South Yorkshire’s top police officer is to be hauled before MPs as the row over the search of Sir Cliff Richard’s home intensifies.
Chief constable of South Yorkshire Police David Crompton and director-general of the BBC Tony Hall will face a grilling by MPs on the Home Affairs Select Committee.
A row erupted when the BBC broke the news about a search of the pop star’s Berkshire home last week and a film crew arrived on scene before the police.
Mr Crompton and Lord Hall have been warned to be ready to give evidence after Parliament returns from recess.
Committee chairman Keith Vaz has written to Mr Crompton and Lord Hall asking a series of questions about how the BBC found out about the planned search.
They have been asked to reply by midday on Friday.
Meanwhile South Yorkshire Police and Crime Commissioner Shaun Wright has appointed former chief constable Andy Trotter, who helped draw up press relations guidance for the College of Policing, to lead a probe into the affair.
His spokeswoman said: “The South Yorkshire police and crime commissioner has held meetings to review the chronology of events which led to the force’s decision to notify the BBC of the date of the house search, which took place in Berkshire on 14 August, in order to protect the integrity of their investigation.
“As a result, he has decided to commission an independent review of the events which took place to form the rationale behind their decision making.
“The commissioner is keen to ensure a full, fair and transparent analysis of actions taken and to determine if they were aligned with the College of Policing guidance on relationships with the media relevant to such disclosure.”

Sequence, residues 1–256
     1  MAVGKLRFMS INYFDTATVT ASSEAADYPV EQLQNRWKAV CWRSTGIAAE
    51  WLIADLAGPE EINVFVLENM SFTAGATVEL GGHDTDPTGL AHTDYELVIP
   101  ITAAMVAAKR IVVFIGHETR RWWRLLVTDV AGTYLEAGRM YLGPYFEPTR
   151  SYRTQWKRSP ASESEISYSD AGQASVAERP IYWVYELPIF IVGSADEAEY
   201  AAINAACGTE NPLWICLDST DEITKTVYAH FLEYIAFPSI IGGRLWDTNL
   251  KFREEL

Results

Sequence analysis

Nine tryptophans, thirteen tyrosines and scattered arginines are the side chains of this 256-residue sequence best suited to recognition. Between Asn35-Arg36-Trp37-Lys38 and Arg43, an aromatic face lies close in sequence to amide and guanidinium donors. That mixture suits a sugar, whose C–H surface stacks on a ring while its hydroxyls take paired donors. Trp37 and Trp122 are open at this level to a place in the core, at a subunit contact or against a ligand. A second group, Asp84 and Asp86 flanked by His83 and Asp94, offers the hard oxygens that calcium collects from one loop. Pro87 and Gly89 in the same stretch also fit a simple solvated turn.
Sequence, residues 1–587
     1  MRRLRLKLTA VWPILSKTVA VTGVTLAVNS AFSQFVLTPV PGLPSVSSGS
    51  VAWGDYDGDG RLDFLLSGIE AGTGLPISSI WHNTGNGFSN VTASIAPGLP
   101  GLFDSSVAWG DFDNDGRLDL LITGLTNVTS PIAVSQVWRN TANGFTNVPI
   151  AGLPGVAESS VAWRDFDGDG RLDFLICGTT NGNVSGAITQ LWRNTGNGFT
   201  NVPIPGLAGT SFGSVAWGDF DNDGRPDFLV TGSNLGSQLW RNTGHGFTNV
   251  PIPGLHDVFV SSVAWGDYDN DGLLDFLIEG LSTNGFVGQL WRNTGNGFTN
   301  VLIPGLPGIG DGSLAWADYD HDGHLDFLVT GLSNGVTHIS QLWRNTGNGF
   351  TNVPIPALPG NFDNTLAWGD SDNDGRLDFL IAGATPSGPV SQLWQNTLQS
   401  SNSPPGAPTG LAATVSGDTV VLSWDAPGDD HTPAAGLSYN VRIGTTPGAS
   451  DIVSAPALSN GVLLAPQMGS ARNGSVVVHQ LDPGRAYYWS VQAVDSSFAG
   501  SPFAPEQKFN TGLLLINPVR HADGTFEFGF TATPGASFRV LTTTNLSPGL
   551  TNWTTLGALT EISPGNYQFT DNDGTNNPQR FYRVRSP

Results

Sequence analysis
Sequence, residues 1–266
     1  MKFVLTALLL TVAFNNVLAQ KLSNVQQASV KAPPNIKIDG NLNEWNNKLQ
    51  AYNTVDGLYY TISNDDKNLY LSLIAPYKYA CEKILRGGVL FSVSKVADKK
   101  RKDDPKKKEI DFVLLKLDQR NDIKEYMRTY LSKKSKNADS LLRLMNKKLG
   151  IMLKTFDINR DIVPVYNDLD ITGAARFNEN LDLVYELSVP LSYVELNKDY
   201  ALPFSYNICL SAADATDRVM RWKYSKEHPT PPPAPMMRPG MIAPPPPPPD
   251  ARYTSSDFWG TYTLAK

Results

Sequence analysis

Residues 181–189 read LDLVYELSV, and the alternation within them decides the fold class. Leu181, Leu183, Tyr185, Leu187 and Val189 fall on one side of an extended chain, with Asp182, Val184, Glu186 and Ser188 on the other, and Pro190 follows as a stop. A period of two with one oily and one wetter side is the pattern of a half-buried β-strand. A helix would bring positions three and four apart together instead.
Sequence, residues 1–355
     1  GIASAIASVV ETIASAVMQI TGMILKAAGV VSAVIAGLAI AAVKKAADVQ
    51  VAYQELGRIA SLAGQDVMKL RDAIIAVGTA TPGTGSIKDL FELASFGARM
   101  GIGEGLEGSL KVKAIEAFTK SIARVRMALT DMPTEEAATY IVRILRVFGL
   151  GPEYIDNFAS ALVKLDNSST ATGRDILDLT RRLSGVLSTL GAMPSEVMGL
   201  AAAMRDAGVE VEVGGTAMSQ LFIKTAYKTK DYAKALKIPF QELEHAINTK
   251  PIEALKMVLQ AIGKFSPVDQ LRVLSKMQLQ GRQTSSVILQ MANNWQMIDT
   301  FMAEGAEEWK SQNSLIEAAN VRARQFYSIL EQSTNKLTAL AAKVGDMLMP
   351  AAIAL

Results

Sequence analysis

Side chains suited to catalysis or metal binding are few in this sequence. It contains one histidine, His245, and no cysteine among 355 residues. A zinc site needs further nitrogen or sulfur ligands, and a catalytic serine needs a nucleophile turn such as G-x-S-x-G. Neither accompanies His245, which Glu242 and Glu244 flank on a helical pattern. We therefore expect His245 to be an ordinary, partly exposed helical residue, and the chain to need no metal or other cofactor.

Sir Cliff’s apartment was searched by South Yorkshire and Thames Valley police last week as part of an investigation into an alleged sexual assault on a young boy at a religious event at Bramall Lane in 1985.
The performer, who was in Portugal when the search took place, firmly denied any wrongdoing and said he was angry the media were ‘tipped off’.
The BBC has confirmed the leak about the investigation did not come from South Yorkshire Police.
The force said it had decided to work with the broadcaster to ‘protect its investigation’.
Thames Valley Police has said it had no contact with the media before the search warrant was executed.
Mr Crompton has been asked to explain who in the force knew about the search and who might have found out; when he and the force’s press team were made aware of it; how many times the force confirmed the search time to journalists and whether the search was delayed or brought forward.
He has also been asked whether any officer acted inappropriately, why the force complained to the BBC, when the broadcaster asked for more information about the search and what was agreed about reporting it.
Mr Vaz has asked Lord Hall how and when the broadcaster discovered the investigation; when it first contacted South Yorkshire Police and whether the force confirmed the time and date of the search.